We may define a political party as an association organised in support of some principle or polity which, by constitutional means, it endeavors to make the determinant of government. Without such party organization, there can be no unified statement of principle, no orderly evolution of policy.—Mactver
The Muslim League headed by Quaid-i-Azam achieved Pakistan. This fact is so incontrovertible that those who jumped on the League bandwagon, at various junctions, much after August 1947, decided to sit on this truism with the sanguine belief that a phenomenal achievement was sufficient for perpetual pleasure in perpetual power.
Immediately after the realization of its supreme objective, the Muslim League, instead of channeling all its vitality in the service of the people, preferred to go into voluntary liquidation. It lost contact with the masses, with their feelings and problems.
But despite such self-evident failings, the Muslim League managed to remain in power for a long time. This was so because the Muslim League and Pakistan had become synonymous terms, especially for the teeming multitudes of refugees who poured into the Promised Land from across the hostile border. The party’s only capital was its name and, on the magic of a name, it ruled this new nation for more than seven formative years, invaluable and irreplaceable years of great opportunities missed and discarded.
Had it not killed itself in the very city where it passed the historic resolution calling for Pakistan’s creation, the intrigue-ridden Muslim League may well have continued to run amuck with the destiny of Pakistan.
The rather sordid manner in which the League handled Dr. Khan Saheb was the immediate cause of its collapse. The more basic causes are to be found in what has been observed at the outset. The Muslim League, in spite of its brilliant beginnings, lost miserably the opportunities to serve the interests of the common man. Conceit and inertia replaced humility and dynamism, so that eventually the soul oozed out of the body that was once beautiful.
This is not an obituary of the Muslim League. The purpose is more general and more constructive inasmuch as this is meant to be a warning to the party that has stepped into power in West Pakistan.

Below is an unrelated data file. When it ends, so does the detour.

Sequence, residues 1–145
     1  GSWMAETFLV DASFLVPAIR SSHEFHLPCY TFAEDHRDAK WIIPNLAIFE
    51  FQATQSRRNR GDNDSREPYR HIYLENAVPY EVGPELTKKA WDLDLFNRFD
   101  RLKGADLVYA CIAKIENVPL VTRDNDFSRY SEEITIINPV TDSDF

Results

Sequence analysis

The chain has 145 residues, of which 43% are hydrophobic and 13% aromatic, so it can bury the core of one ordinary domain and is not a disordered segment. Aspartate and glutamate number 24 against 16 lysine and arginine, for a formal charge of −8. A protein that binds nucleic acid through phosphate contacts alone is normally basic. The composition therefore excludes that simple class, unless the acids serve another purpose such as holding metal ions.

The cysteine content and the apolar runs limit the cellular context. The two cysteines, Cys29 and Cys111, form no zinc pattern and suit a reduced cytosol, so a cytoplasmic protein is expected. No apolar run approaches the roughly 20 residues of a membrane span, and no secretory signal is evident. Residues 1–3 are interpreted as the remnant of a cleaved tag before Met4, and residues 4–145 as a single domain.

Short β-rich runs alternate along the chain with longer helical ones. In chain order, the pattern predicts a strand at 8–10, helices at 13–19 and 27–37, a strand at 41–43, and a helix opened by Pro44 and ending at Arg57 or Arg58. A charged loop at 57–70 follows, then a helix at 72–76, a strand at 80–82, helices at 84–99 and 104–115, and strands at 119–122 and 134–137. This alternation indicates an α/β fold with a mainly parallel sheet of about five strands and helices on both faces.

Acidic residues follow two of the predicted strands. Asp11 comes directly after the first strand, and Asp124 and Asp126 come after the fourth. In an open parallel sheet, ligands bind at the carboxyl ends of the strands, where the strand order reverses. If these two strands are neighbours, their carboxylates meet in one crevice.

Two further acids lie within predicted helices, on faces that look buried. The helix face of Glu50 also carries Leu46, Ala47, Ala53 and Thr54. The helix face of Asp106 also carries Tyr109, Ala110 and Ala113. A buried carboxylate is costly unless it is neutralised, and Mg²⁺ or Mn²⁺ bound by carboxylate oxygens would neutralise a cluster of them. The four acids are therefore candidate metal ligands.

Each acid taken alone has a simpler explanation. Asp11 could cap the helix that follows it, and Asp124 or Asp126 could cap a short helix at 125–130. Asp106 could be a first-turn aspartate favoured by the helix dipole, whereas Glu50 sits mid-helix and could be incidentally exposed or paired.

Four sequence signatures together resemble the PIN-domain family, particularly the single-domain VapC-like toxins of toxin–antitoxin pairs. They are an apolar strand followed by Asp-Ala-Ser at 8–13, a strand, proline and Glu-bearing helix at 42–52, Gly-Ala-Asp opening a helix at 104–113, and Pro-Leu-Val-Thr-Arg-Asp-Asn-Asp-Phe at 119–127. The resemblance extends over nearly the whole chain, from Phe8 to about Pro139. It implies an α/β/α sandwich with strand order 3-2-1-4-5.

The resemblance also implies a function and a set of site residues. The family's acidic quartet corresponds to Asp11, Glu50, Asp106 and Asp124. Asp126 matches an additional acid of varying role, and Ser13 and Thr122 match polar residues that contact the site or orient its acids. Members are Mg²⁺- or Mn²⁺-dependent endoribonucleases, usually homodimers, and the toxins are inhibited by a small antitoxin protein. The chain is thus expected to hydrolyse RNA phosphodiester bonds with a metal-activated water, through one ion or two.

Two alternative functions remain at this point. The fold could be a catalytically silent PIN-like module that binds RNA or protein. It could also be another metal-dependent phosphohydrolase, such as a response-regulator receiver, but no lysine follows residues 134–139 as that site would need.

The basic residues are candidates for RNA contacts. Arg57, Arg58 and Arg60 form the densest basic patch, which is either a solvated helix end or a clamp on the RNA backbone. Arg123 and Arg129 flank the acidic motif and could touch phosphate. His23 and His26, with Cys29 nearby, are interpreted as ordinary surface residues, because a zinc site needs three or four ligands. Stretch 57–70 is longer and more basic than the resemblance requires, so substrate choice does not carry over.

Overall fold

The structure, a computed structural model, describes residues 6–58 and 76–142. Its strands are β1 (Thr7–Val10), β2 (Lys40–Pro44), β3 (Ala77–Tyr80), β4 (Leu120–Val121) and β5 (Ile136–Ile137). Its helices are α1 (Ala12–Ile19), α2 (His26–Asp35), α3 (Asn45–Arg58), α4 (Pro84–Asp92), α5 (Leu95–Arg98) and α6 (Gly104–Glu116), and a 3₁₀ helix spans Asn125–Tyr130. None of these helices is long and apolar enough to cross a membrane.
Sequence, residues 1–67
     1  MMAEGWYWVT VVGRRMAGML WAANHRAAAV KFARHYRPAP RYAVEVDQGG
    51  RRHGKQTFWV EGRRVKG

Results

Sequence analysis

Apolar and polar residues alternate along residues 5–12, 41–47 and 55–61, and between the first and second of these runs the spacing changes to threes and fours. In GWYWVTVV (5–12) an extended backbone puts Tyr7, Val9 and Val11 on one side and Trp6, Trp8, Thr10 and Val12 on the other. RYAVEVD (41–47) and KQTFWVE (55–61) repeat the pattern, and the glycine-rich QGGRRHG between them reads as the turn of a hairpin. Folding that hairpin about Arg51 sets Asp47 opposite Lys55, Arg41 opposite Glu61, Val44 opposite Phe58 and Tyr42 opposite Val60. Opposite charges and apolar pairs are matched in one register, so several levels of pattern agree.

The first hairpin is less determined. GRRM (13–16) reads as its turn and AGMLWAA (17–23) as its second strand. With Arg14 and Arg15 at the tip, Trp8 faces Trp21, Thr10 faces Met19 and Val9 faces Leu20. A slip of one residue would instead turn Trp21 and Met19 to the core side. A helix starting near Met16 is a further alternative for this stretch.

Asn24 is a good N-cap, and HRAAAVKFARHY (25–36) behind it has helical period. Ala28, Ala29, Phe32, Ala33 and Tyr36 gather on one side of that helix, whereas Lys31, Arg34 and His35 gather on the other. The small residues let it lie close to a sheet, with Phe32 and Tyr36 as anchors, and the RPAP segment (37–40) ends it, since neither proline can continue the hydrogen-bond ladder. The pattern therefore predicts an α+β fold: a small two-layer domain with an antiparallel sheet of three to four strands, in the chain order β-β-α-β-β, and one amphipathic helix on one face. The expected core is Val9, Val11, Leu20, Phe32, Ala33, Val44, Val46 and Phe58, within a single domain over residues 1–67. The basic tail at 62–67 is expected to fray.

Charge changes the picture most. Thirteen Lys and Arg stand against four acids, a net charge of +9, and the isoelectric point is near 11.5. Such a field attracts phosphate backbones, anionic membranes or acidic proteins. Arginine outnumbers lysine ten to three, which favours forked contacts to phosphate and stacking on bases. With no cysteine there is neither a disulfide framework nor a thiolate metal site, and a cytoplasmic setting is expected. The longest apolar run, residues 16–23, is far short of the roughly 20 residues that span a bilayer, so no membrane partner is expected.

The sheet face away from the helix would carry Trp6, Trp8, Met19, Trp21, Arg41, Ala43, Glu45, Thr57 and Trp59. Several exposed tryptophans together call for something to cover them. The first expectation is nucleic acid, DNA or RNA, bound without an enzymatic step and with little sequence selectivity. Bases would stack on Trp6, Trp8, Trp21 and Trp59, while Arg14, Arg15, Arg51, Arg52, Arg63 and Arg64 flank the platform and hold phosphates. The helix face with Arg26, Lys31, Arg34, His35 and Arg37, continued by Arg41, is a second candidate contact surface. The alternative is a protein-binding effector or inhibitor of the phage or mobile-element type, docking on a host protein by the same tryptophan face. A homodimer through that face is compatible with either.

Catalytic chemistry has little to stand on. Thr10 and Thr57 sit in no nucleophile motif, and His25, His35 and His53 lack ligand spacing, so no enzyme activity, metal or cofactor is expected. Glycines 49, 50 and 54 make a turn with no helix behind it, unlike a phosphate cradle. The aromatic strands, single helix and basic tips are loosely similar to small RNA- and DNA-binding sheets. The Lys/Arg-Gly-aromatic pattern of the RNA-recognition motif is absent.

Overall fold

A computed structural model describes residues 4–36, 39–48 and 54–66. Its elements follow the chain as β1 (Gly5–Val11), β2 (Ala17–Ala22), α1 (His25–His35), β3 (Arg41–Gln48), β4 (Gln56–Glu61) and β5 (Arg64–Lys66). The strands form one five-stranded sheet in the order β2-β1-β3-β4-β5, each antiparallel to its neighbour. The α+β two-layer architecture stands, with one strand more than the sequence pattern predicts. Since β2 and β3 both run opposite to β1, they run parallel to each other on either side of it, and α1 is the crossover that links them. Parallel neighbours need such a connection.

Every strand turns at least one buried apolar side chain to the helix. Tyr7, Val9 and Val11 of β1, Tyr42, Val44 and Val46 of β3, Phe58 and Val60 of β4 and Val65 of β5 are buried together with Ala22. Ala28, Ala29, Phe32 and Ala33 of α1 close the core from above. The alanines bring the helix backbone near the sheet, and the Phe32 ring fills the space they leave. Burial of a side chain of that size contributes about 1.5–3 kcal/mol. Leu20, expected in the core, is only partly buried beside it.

Political parties flourish, degenerate and, on occasions revive. In a democracy, the chances of revival are always present provided the party eclipsed has the determination to revitalize itself. Democratic machinery guarantees such a revival. A democracy functions on the assumption that political parties complete the boom-burst-boom cycle in successive and recurring elections. So, as long as Pakistan remains a democracy, the resuscitation of the Muslim League cannot be ruled out.
The edifice of the modern nation-state, whether democratic or dictatorial, is rooted in the party system. In a dictatorship the ruling party controls the entire organism of the state and tolerates at best a sham opposition.
In the Soviet Union, the Communist Party is accorded recognition in the fundamental law of the land as “the vanguard of the toilers”, that “represents the directing kernel of all organizations of toilers, both public and state.” Stalin reflected the policy of the Soviet State vis-à-vis the Party in these words:
“Here in the Soviet Union, in the land of the dictatorship of the proletariat, the fact that not a single important political or organizational question is decided by a Soviet and other mass organizations without directions from the Party, must be regarded as the highest expression of the leading role of the Party.”
The Communist Party in the socialist state eliminates all traces of opposition within the state and establishes a monopoly of power. Internal changes in the hierarchy of the party have not to this day affected the basic principle of party unity and party predominance. The foundation of the monolithic party, centralism and discipline are the abiding lessons learnt from the victory of the Bolsheviks in the Civil War.
Similarly, Fascist states organise and run governments on the principle that the ruling party is the sole custodian of political power. In Nazi Germany, Adolf Hitler embodied the “will” of the German people through the National Socialist Party. “Our constitution,” wrote Nazi Germany’s famous lawyer, Dr. Hans Frank, “is the Will of the Fuehrer.” And the Fuehrer’s strength stemmed from the National Socialist Party.
The prime object of a party that seeks to establish dictatorship is to suppress and, if possible, wipe out all opposition. The quest for power is the dominant motive. Once power is seized, the purpose is served. Whether the party in power reflects the will of the people or has the free consent of the governed is not a relevant factor. The control of the government of the state is guaranteed by the threat and use of force. Hence, in a dictatorship the ruling party perpetuates its stranglehold so long as it can bind the people. The ruling party may, for some period, as was the case in Nazi Germany, have the support of the people, but as far as the objective of the party is concerned, such support is not really important. The party does not relinquish power on losing the support of the governed. It retains its control until the time it is overthrown, either by internal disturbances or by armed action from outside.